Slash also uses other delay pedals in his effects loop, so he can get two very different delay sounds to suit different songs.
Octave Fuzz (6)
Slash uses the MXR SF01 Slash Octave Fuzz live on a few songs such as during the solo in Paradise City which originally had overdubbed octave parts.
The tape over the knobs makes it clear that these are the settings Slash wants to use.
The main point I noticed was that the fuzz knob is turned down quite low, so this pedal seems to be more used more for the octave effects.
If you’re wanting to build a Slash-inspired guitar rig, this pedal isn’t as essential as it may seem. While it is a signature model, he only rarely uses it. On some tours, he doesn’t use it at all.
Delay Pedal (7)
On a separate rack shelf, Slash has two BOSS DD-500 Digital Delay units.
To be honest, I’m surprised Slash uses two of these pedals because they’re stereo delay pedals and can produce a wide range of delay sounds. You would think one would be enough.
As these are digital pedals, there’s no way to tell what the parameters are he uses. In one interview, his guitar tech said that he mainly uses it for slapback effects (learn about slapback delay in this lesson).
Slapback delay works best when you have precise control over the delay time, so it makes sense he uses two programmable delay pedals instead of the DD-3, which you can’t set to an exact delay time.
What’s important to note here is that these two pedals are placed in his amp’s effects loop. This changes the sound of the effect and the delay has a less pronounced sound compared to his DD-3 in front of his amp.
If your guitar amp has an effects loop, experiment with placing your delay pedal in the effects loop to learn how it changes the effect.
You may prefer to have your delay pedal in front of your amp, or in the effects loop. Or you may do what Slash does and have different delay pedals in either position for different types of delay effects.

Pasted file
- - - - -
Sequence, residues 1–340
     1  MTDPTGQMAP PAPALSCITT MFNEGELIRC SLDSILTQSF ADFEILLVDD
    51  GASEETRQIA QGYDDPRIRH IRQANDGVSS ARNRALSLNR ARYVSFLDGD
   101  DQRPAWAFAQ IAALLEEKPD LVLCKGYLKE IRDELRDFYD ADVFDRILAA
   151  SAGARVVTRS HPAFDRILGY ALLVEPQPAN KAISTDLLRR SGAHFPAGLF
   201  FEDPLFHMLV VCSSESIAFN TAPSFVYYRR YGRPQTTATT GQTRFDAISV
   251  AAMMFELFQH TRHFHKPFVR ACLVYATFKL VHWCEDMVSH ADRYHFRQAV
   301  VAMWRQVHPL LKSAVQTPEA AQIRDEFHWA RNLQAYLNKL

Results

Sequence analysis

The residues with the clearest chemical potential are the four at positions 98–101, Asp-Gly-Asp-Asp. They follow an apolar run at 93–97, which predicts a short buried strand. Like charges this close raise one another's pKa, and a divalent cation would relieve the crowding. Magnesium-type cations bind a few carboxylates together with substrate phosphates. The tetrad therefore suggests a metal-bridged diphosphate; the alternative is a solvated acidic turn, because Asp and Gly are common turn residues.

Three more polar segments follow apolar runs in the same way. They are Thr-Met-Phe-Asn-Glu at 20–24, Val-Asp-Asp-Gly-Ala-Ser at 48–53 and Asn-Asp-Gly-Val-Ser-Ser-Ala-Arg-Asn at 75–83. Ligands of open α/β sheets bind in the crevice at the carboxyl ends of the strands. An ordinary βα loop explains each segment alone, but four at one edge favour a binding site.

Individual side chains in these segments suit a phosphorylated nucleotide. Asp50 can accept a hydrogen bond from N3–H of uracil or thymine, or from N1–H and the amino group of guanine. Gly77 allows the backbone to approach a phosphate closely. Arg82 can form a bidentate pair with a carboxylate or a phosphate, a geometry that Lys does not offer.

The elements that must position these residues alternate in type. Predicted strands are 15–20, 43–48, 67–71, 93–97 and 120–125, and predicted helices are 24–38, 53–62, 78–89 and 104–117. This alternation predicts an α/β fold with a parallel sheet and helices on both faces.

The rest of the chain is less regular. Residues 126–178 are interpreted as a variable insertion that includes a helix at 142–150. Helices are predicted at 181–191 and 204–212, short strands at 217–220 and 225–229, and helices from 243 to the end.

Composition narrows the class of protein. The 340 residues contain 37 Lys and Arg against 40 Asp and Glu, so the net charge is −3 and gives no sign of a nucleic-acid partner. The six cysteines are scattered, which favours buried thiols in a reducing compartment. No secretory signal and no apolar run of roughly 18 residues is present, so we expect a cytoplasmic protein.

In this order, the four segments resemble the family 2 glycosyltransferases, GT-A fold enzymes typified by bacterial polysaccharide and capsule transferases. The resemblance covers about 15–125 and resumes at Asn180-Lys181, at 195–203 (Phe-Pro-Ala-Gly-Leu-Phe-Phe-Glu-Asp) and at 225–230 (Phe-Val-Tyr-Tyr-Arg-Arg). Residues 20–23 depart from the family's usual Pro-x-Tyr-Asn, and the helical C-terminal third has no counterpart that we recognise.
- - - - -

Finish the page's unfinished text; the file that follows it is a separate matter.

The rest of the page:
When performing live, Slash uses a rack-based Wah with 3-4 controller pedals placed on the stage.
If you’re looking for a signature Slash wah pedal, there are two to choose from.
The Cry Baby SC95 (above left) is the more basic wah pedal tuned to a lower voicing than typical wah pedals.
The Cry Baby SW95 (above right) adds in a distortion circuit to the wah and you can see two knobs on the side to control for volume and gain. The distortion can be turned on/off by hitting the red switch on the side of the pedal.
If you’re comparing the SC95 and the SW95, the big question to ask yourself is whether you already have a distortion pedal you’re happy with, or you want the simplicity of having a wah and distortion all in one unit.
Tucked away in the back of the pedalboard is a Decibel 11 Hot Stone Deluxe power supply.
If you only have a few pedals, this is overkill and you can get away with daisy chaining your pedals to one power supply as explained here.
But when you start to build a larger pedalboard like Slash’s, a power supply like this one is worth considering.
An extremely popular alternative to the Hot Stone Deluxe is a Voodoo Labs Pedal Power 2 Plus covered in this review.
What I Like About Slash’s Guitar Rig
The main thing I like about Slash’s guitar rig is how he starts with a core tone of a Les Paul plugged into a Marshall, then he enhances that tone in various ways for different songs.
The core sound of his Les Paul into a Marshall probably covers at least 80% of the tone he needs during a live set.
But he uses various combinations of pedals such as boosters, delays, chorus, and octave fuzz to shape and change the tone as needed to get the other 20%.
This is a great way to think about your own guitar rig and tone.
Find out what your core tone is, then once you find a tone you love, find ways you can enhance or shape your tone when needed.
Think of any pedals or effects you use as the last 20% of your tone that can be used to take your playing in new directions.
Many guitarists strictly stick to their core tone and don’t stray from it. I feel Slash’s approach offers far more than if he were to stick to only using a Les Paul plugged into a Marshall.
How to Sound Like Slash
After reading all about Slash’s guitar rig, the big question you will no doubt have is how you can sound like him.
The key to sounding like Slash is to find the right balance between gain and sustain. Aim for a low-to-medium gain setting with a cranked tube amp.
Here are some tips to help you sound like Slash:
- Tune to Eb standard (Eb Ab Db Gb Bb Eb)
- Don’t turn the gain up too high
- Use a Marshall tube amp or Marshall-like amp
- Use humbuckers, but avoid high-gain pickups
- Add in effects as needed, but only use effects to enhance certain songs